Different camo, fit for women: what Belgium's military's new uniform looks like

Different camo, fit for women: what Belgium's military's new uniform looks like
Credit: Belga

From the end of 2022, some 25,000 Belgian military personnel will receive a new uniform with a different camouflage pattern, and – for the first time – also a model for women.

Since the mid-1990s, Belgian soldiers have been wearing the typical green and brown uniform with the "Woodland" camouflage pattern. From November, however, this will change, and the military will be donning a new uniform.

The entire operational equipment, clothing and accessories, will be renewed: wool-based underclothing, rainwear, bulletproof vest, and in the longer term also a helmet and backpack.

'"When designing the new uniform, extra consideration was given to morphology. There is now a very wide range of sizes, for both men and women," Defence Minister Ludivine Dedeonder told VRT. "It is important that women feel good in the uniform."

The new pattern is protected by an (American) patent for the first time, meaning that the pattern may not be copied without permission. The new design offers more comfort and protection and, for the first time, there will also be an adapted cut for women – who make up about 10% of all Belgian soldiers.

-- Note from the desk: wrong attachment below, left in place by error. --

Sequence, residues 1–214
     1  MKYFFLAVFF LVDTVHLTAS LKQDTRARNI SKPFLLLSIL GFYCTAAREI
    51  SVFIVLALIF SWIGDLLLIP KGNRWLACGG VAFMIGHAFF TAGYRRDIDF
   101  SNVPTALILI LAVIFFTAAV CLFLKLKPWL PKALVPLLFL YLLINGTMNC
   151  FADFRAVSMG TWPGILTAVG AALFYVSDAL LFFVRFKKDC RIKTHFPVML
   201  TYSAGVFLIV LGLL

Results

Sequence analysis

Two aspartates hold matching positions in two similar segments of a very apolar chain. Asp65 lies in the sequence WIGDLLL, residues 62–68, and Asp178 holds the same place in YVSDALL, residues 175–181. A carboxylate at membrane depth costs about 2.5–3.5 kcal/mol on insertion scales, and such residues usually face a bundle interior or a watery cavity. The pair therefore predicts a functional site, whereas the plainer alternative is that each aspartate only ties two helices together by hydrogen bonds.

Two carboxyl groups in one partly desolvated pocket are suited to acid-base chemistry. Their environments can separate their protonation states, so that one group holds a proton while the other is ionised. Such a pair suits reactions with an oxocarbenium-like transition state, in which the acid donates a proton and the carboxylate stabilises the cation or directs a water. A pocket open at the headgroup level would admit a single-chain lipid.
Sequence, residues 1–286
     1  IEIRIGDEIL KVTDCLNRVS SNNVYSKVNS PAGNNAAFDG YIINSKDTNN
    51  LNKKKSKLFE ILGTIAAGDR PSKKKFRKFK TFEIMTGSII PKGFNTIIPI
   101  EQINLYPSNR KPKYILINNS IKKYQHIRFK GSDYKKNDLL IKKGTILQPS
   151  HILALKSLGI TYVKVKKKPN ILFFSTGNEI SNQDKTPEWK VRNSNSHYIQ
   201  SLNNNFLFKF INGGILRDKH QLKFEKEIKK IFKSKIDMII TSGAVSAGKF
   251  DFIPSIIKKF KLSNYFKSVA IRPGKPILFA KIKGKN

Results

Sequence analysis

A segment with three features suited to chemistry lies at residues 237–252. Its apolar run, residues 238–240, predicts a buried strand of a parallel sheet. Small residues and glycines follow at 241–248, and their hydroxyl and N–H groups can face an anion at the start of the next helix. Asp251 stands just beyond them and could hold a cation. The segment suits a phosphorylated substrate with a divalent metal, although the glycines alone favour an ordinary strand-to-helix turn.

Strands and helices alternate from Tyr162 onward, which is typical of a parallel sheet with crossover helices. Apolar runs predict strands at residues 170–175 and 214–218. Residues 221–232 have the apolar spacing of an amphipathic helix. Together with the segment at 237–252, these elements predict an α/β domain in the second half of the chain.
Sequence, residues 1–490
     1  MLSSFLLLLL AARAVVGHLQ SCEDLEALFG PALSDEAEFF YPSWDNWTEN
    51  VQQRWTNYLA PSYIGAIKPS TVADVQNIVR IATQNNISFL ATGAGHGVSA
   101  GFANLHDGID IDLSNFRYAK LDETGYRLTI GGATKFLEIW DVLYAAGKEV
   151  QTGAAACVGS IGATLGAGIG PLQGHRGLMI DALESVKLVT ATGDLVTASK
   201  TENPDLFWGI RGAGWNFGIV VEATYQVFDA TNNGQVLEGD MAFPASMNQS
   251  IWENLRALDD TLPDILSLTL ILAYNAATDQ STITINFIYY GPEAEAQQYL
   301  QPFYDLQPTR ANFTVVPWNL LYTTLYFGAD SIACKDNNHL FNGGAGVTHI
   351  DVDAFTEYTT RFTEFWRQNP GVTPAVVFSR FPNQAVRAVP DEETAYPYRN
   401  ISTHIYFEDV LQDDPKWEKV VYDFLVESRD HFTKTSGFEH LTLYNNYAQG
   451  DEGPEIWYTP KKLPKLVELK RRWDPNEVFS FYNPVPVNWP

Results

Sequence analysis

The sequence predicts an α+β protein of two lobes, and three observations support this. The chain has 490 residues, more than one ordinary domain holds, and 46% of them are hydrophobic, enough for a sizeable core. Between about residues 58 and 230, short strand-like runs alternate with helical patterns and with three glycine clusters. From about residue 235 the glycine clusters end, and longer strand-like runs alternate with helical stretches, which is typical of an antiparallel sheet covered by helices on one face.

"Finally, there are now sizes with shorter sleeves and wider hips. Really tailored to a woman's body. It used to be a bit of a hassle," said Zoë, one of the women on the test team. "And it actually looks quite nice. It radiates professionalism."

The uniform consists of new lightweight protective fabrics, and various high-tech options have been incorporated. One uniform, for example, has a "badge" that lights up through an infrared viewer. This way, Belgians can easily distinguish themselves at night, without being immediately visible to others. The flashing badge can be detached, and replaced by a regular non-visible badge.

Additionally, the companies opted for a sustainable solution in the uniform: chemical finishes and membranes are avoided wherever possible. There is also an agreement to collect the current clothing in use, process it in an ecological way and give it a second life.

The operational clothing consists of different layers (multi-layer), with all pieces being complementary and integrated. This way, optimal and adapted protection can be guaranteed for both women and men. This new equipment also introduces the new Multicam® camouflage pattern.

The contract was won by a consortium of two Belgian companies, Sioen and Seyntex (which both produce different parts of the uniform) and one American company, Crye Precision, which holds the patent on the camouflage colour. For the next 15 years, the consortium will fill the soldiers' wardrobes. The total budget is €410 million.

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